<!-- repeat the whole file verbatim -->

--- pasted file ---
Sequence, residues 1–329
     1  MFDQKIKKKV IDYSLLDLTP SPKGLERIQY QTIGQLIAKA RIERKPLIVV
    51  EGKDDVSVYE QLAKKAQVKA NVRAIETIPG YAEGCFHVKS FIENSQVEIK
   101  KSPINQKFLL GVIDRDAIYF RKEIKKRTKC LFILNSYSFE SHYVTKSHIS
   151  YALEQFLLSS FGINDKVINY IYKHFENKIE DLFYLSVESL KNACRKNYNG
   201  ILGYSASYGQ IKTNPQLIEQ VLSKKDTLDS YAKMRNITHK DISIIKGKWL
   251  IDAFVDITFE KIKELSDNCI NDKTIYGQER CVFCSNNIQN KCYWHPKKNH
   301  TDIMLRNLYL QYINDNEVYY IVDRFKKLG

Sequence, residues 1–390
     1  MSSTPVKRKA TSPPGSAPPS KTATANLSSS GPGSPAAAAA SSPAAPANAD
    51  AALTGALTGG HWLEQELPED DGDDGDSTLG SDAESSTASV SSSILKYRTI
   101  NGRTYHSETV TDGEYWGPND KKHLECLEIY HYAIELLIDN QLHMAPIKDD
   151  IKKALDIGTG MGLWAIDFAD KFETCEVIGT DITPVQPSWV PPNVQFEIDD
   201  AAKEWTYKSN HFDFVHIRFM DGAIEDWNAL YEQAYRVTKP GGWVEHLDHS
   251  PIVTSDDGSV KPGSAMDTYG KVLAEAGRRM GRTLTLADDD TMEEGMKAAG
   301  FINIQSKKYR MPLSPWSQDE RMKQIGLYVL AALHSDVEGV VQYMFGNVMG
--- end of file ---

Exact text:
Sequence, residues 1–329
     1  MFDQKIKKKV IDYSLLDLTP SPKGLERIQY QTIGQLIAKA RIERKPLIVV
    51  EGKDDVSVYE QLAKKAQVKA NVRAIETIPG YAEGCFHVKS FIENSQVEIK
   101  KSPINQKFLL GVIDRDAIYF RKEIKKRTKC LFILNSYSFE SHYVTKSHIS
   151  YALEQFLLSS FGINDKVINY IYKHFENKIE DLFYLSVESL KNACRKNYNG
   201  ILGYSASYGQ IKTNPQLIEQ VLSKKDTLDS YAKMRNITHK DISIIKGKWL
   251  IDAFVDITFE KIKELSDNCI NDKTIYGQER CVFCSNNIQN KCYWHPKKNH
   301  TDIMLRNLYL QYINDNEVYY IVDRFKKLG

Sequence, residues 1–390
     1  MSSTPVKRKA TSPPGSAPPS KTATANLSSS GPGSPAAAAA SSPAAPANAD
    51  AALTGALTGG HWLEQELPED DGDDGDSTLG SDAESSTASV SSSILKYRTI
   101  NGRTYHSETV TDGEYWGPND KKHLECLEIY HYAIELLIDN QLHMAPIKDD
   151  IKKALDIGTG MGLWAIDFAD KFETCEVIGT DITPVQPSWV PPNVQFEIDD
   201  AAKEWTYKSN HFDFVHIRFM DGAIEDWNAL YEQAYRVTKP GGWVEHLDHS
   251  PIVTSDDGSV KPGSAMDTYG KVLAEAGRRM GRTLTLADDD TMEEGMKAAG
   301  FINIQSKKYR MPLSPWSQDE RMKQIGLYVL AALHSDVEGV VQYMFGNVMG